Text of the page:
Russian Federation

Overall rating
Critically insufficient
Policies & action
Highly insufficient
< 4°C World
Domestic target
Highly insufficient
< 4°C World
Fair share target
Critically insufficient
4°C+ World
Climate finance
Critically insufficient
Net zero target

year

2060

Comprehensiveness rated as

Poor
Land use & forestry

historically considered a

Sink

Historical emissions

Historical emissions levels are taken from the inventory data submitted to the UNFCCC until the last available year, here 2020 (Russian Federation, 2022b).

To estimate emissions for 2021, we applied a gas-by-gas approach. We applied growth rates from PRIMAP to historic 2020 emissions for each gas (Gütschow & Pflüger, 2022).

NDC and other targets

The NDC target is calculated using LULUCF projections from the Fourth Biennial Report to the UNFCCC and historic emissions from the latest inventory data (Russian Federation, 2019a, 2022b). For the 2030 NDC target, we assume that LULUCF emissions are included in the NDC target.

The 2060 net zero target is calculated by assuming that Russia’s LULUCF sink for 2050 (-1200 MtCO2e) would remain constant until 2060 (Russian Federation, 2022c). We make this assumption because Russia’s LTS does not have a projection to 2060 which would outline what the level of reductions required to reach net zero emissions.

Current policy projections

The lower bound of our current policy projection until 2030 is primarily based on the World Energy Outlook (WEO) 2021 Stated Policy scenario projections for CO2 from energy related activities (IEA, 2021b). For non-CO2 emissions, we use the US EPA’s growth rates for non-CO2 emissions and extrapolate the historical trend (U.S. Environmental Protection Agency, 2019). We harmonised these projections to our 2021 estimate.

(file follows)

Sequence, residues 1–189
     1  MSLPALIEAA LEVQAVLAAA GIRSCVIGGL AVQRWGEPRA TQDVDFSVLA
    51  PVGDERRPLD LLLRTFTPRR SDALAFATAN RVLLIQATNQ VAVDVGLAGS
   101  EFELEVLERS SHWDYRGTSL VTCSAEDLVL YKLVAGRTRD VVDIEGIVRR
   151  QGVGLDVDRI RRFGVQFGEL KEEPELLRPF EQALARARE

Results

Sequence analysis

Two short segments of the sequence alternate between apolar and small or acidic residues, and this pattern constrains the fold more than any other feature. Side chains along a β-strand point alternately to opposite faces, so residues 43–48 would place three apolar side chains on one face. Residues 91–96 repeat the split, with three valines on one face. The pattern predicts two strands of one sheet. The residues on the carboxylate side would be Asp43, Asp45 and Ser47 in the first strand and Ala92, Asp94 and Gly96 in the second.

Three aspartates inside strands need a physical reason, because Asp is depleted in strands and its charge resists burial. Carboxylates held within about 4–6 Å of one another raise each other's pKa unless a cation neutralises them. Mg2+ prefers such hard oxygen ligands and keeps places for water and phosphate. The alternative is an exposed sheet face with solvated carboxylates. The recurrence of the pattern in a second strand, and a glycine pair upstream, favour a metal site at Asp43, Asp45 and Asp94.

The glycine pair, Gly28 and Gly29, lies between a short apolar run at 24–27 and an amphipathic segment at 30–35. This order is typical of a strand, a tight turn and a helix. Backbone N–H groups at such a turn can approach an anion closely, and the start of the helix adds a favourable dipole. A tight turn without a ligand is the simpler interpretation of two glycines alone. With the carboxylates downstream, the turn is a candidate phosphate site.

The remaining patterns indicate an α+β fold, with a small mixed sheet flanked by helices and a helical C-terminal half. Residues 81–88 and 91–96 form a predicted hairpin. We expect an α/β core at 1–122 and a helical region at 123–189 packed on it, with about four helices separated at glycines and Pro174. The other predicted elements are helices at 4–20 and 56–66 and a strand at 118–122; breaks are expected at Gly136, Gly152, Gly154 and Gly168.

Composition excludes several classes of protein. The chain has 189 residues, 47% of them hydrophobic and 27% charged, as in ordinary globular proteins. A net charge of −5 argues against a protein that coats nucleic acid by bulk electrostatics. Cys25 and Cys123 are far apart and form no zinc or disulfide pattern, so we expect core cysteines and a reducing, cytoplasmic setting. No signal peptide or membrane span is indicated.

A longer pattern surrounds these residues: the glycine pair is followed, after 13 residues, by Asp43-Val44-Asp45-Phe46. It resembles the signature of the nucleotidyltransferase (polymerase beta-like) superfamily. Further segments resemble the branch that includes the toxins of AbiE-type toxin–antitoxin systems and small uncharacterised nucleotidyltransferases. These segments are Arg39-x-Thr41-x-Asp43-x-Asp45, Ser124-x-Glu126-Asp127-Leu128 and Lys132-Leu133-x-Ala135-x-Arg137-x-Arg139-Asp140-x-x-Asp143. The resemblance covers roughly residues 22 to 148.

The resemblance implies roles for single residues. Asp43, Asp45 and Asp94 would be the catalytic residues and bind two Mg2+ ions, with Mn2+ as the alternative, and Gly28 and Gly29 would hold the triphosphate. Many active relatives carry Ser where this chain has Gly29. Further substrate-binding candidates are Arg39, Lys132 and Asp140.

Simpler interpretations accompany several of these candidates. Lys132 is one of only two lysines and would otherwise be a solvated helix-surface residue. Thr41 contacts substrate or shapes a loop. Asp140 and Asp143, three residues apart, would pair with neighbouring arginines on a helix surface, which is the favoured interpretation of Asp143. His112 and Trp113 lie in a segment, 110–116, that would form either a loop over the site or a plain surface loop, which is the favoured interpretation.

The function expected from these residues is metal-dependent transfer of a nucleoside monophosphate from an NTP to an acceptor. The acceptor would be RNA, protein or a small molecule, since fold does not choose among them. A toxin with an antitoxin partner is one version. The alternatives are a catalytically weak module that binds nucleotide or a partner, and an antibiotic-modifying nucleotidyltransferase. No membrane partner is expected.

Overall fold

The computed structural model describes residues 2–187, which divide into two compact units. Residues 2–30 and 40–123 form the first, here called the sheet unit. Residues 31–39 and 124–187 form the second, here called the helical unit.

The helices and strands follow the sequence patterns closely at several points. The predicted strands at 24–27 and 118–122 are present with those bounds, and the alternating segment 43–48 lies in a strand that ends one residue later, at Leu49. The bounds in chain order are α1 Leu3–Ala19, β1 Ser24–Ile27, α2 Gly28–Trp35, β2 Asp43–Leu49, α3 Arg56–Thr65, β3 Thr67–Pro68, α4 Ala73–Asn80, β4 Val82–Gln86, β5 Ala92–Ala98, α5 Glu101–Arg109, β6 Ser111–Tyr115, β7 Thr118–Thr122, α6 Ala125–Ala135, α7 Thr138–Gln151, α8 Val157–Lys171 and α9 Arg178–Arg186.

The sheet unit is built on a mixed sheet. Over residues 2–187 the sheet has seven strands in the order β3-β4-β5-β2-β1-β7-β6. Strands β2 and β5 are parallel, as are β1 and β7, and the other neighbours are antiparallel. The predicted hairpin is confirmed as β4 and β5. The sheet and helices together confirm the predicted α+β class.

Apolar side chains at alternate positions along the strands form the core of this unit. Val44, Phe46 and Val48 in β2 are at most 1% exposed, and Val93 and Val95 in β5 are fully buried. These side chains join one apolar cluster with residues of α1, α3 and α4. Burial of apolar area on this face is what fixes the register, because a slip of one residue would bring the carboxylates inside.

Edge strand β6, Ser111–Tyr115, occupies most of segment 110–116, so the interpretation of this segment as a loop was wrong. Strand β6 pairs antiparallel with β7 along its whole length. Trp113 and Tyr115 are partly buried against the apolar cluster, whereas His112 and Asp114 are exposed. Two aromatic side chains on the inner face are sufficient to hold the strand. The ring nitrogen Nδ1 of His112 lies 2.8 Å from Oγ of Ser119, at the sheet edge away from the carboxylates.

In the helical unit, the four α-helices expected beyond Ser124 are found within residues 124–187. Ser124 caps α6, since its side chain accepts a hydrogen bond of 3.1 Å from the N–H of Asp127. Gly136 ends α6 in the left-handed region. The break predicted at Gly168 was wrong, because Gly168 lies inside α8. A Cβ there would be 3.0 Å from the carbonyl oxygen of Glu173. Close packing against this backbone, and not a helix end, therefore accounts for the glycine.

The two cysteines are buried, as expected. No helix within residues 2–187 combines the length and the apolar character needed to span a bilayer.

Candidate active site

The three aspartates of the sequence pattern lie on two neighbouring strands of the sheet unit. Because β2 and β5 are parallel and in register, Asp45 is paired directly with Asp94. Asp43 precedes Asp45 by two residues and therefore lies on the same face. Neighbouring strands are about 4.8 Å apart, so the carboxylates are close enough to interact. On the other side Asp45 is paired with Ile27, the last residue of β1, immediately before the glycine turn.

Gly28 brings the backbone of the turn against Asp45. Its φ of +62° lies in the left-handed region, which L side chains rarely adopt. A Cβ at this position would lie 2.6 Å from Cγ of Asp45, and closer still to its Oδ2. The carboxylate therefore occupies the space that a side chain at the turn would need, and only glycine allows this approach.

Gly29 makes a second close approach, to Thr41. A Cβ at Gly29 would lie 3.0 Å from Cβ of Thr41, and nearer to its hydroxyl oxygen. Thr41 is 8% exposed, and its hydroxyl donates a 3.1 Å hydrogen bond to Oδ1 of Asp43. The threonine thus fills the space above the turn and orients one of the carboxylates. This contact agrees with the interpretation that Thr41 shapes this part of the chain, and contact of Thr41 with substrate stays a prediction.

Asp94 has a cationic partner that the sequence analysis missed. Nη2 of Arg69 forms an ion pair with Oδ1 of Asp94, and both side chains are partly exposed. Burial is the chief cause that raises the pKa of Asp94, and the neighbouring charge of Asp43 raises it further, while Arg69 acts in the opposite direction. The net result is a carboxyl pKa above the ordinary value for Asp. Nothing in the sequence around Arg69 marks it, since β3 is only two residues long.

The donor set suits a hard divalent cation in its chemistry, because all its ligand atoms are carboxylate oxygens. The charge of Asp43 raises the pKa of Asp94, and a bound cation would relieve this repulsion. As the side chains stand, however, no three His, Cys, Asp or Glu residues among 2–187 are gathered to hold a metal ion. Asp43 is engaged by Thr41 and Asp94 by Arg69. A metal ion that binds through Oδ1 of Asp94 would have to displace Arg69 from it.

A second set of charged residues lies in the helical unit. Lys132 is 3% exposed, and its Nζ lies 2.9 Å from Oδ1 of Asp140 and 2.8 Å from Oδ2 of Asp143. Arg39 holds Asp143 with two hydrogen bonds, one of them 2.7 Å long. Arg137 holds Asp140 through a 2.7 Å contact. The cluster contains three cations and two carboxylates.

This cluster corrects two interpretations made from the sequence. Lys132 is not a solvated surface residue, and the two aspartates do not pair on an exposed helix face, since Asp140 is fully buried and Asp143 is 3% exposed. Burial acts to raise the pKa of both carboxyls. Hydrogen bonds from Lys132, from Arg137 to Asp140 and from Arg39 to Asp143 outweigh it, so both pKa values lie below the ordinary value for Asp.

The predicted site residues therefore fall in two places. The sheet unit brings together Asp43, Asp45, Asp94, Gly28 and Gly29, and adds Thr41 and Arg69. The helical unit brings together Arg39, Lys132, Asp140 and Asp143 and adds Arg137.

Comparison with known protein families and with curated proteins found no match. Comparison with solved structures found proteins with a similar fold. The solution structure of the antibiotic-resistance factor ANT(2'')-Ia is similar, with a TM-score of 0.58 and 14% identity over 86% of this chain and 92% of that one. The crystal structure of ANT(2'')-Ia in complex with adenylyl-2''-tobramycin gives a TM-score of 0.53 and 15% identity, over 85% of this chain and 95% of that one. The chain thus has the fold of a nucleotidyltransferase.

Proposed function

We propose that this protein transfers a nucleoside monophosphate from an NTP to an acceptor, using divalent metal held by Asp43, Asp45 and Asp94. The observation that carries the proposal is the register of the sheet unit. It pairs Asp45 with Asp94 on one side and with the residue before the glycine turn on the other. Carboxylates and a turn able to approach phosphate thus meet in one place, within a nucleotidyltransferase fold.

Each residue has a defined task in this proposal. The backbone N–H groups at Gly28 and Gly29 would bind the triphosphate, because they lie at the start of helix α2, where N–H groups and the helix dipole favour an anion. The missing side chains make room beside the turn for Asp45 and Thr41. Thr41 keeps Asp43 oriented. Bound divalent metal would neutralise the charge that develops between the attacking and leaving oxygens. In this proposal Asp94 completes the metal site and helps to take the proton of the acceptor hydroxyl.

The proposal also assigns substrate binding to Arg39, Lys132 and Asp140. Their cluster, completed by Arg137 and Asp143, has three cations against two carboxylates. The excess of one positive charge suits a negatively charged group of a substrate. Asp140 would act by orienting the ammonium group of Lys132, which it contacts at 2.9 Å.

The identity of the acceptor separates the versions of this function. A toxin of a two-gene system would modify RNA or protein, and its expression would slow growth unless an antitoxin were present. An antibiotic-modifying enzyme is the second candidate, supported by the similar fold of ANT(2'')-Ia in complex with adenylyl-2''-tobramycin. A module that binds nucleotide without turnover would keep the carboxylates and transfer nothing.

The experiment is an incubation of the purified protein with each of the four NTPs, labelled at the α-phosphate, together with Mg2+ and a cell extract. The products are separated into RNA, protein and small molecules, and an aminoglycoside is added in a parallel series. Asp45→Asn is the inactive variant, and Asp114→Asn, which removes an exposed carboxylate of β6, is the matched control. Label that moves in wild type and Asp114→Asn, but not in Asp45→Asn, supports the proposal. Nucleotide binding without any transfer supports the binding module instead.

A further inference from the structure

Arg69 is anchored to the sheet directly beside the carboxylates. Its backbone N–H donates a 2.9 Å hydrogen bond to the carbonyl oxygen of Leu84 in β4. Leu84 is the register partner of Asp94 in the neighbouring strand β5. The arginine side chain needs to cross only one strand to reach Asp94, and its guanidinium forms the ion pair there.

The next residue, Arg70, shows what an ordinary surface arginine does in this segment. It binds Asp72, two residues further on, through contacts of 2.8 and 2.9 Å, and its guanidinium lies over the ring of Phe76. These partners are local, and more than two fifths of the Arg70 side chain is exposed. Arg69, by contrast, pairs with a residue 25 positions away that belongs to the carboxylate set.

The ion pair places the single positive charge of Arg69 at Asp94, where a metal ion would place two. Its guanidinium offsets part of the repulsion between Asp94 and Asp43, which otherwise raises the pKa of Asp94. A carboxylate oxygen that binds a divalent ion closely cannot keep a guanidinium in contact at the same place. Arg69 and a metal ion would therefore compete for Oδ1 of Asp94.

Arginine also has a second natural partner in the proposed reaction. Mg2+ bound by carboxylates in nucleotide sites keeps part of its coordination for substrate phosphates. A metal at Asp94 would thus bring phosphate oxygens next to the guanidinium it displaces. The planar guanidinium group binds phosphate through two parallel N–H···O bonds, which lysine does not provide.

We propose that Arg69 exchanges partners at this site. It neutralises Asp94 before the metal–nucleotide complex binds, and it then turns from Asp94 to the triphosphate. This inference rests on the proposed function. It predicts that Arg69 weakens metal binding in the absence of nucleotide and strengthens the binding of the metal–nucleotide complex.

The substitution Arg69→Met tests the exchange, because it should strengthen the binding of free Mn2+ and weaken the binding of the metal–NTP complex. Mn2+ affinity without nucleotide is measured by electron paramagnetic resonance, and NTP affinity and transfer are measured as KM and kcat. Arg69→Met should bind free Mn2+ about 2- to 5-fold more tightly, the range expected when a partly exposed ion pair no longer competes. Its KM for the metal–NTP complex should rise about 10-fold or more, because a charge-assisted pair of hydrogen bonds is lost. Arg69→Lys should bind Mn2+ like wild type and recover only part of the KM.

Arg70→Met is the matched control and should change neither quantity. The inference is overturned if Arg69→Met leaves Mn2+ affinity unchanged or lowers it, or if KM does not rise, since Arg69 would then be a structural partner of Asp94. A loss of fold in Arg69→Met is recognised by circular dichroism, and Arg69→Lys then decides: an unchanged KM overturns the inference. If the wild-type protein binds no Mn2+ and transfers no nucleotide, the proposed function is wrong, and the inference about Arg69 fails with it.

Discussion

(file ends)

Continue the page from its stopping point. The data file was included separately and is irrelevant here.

The upper bound of our current policy projection until 2030 is primarily based on the APEC Outlook for Russia for CO2 emissions (APEC, 2022). While CO2 from industrial processes is included in WEO 2021 projections, we assume that it is not included in APEC projections because the ratio of CO2 emissions from industry to total CO2 emissions is lower in APEC than WEO projections (APEC, 2022; IEA, 2021b). Therefore, we adjusted the APEC scenario by applying the ratio of WEO’s industry emissions to total CO2e to calculate additional CO2 emissions from industrial processes for APEC industry CO2 emissions. For non-CO2 emissions, we use the US EPA’s growth rates for non-CO2 emissions and extrapolate the historical trend (U.S. Environmental Protection Agency, 2019). We harmonised these projections to our 2021 estimate.

Previously, we quantified a flaring gas limit and a renewable electricity generation target. We have excluded these targets from the scenario because current policies do not indicate that these targets will be met.

Both the WEO and APEC scenarios take into consideration the impact of the COVID-19 pandemic. The CAT has not quantitatively assessed the long-term effect of Russia’s illegal invasion of Ukraine and its numerous implications, for example with regards to a decrease in fossil fuel exports or potential economic decline in Russia.

Global Warming Potentials

The CAT uses Global Warming Potential (GWP) values from the IPCC’s Fourth Assessment Report (AR4) for all its figures and time series. Assessments completed prior to December 2018 (COP24) used GWP values from the Second Assessment Report (SAR).

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